Autopsy room four

IT’S SO DARK THAT FOR A WHILE – JUST HOW LONG I DON’T know – I think I’m still unconscious. Then, slowly, it comes to me that unconscious people don’t have a sensation of movement through the dark, accompanied by a faint, rhythmic sound that can only be a squeaky wheel. And I can feel contact, from the top of my head to the balls of my heels. I can smell something that might be rubber or vinyl. This is not unconsciousness, and there is something too… too what? Too rational about these sensations for it to be a dream.

Then what is it?

Who am I?

And what’s happening to me?

The squeaky wheel quits its stupid rhythm and I stop moving. There is a crackle around me from the rubbersmelling stuff.

A voice: “Which one did they say?”

A pause.

Second voice: “Four, I think. Yeah, four.”

We start to move again, but more slowly. I can hear the faint scuff of feet now, probably

in soft-soled shoes, maybe sneakers. The owners of the voices are the owners of the shoes. They stop me again. There’s a thump followed by a faint whoosh. It is, I think, the sound of a door with a pneumatic hinge being opened.

What’s going on here? I yell, but the yell is only in my head. My lips don’t move. I can feel them-and my tongue, lying on the floor of my mouth like a stunned mole-but I can’t move them.

The thing I’m on starts rolling again. A moving bed? Yes. A gurney, in other words. I’ve had some experience with them, a long time ago, in Lyndon Johnson’s shitty little Asian adventure. It comes to me that I’m in a hospital, that something bad has happened to me, something like the explosion that almost neutered me twenty-three years ago, and that I’m going to be operated on. There are a lot of answers in that idea, sensible ones, for the most part, but I don’t hurt anywhere. Except for the minor matter of being scared out of my wits, I feel fine. And if these are orderlies wheeling me into an operating room, why can’t I see? Why can’t I talk?

A third voice: “Over here, boys.”

My rolling bed is pushed in a new direction, and the question drumming in my head is What kind of a mess have I gotten myself into?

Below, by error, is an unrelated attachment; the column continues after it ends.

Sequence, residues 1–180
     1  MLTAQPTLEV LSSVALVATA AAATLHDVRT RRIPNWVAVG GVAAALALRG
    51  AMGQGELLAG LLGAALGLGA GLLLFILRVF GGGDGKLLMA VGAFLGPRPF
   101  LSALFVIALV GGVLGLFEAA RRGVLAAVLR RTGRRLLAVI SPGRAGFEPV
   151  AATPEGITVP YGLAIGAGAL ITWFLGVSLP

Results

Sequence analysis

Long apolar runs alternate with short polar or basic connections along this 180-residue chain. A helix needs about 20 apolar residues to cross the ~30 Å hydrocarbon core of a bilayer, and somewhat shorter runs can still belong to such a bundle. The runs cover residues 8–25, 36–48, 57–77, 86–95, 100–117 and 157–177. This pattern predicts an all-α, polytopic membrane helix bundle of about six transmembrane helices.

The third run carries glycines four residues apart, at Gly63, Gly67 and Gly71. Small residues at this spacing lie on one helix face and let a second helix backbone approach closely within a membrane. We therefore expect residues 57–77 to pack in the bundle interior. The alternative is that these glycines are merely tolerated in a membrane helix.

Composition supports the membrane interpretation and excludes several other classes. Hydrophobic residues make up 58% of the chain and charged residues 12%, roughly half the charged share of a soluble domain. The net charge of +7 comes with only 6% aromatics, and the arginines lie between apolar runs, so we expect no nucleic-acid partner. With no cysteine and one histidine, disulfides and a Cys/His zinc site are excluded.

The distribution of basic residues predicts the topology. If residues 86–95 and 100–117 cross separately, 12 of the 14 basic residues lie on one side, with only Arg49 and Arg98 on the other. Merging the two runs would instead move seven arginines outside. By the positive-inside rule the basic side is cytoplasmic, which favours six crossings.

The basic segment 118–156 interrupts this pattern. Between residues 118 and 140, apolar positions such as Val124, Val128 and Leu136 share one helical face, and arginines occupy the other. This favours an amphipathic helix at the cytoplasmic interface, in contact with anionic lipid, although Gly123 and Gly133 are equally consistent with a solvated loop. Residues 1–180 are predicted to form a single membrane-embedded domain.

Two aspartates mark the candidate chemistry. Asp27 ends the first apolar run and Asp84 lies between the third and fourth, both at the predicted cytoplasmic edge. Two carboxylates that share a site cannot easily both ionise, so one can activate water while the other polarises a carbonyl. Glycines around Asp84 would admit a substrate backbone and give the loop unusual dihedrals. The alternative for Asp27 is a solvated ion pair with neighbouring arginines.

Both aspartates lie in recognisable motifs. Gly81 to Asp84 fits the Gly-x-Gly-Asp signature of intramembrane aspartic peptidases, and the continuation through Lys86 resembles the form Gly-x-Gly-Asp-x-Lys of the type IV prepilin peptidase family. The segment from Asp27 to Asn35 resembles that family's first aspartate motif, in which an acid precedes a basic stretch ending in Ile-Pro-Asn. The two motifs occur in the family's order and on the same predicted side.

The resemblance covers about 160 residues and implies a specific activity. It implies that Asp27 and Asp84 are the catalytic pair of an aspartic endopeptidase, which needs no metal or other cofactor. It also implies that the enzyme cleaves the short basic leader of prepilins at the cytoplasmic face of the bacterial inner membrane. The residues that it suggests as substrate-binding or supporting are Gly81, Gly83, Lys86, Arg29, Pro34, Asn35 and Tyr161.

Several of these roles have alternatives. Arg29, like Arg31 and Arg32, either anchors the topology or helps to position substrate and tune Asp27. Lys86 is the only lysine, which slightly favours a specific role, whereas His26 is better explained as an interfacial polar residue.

Doesn’t that depend on who you are? I ask myself, but that’s one thing, at least, I find I do know. I’m Howard Cottrell. I’m a stock broker known to some of my colleagues as Howard the Conqueror.

Second voice (from just above my head): “You’re looking very pretty today, Doc.”

Fourth voice (female, and cool): ‘It’s always nice to be validated by you, Rusty. Could you hurry up a little? The baby-sitter expects me back by seven. She’s committed to dinner with her parents.”

Back by seven, back by seven. It’s still the afternoon, maybe, or early evening, but black in here, black as your hat, black as a woodchucks asshole, black as midnight in Persia, and what’s going on? Where have I been? What have I been doing? Why haven’t I been manning the phones?

Because it’s Saturday, a voice from far down murmurs. You were… were…

A sound: WHOCK! A sound I love. A sound I more or less live for. The sound of… what? The head of a golf club, of course. Hitting a ball off the tee. I stand, watching it fly off into the blue…

I’m grabbed, shoulders and calves, and lifted. It startles me terribly, and I try to scream. No sound comes out… or perhaps one does, a tiny squeak, much tinier than the one produced by the wheel below me. Probably not even that. Probably it’s just my imagination.

I’m swung through the air in an envelope of blacknessHey, don’t drop me, I’ve got a bad back!



Autopsy room four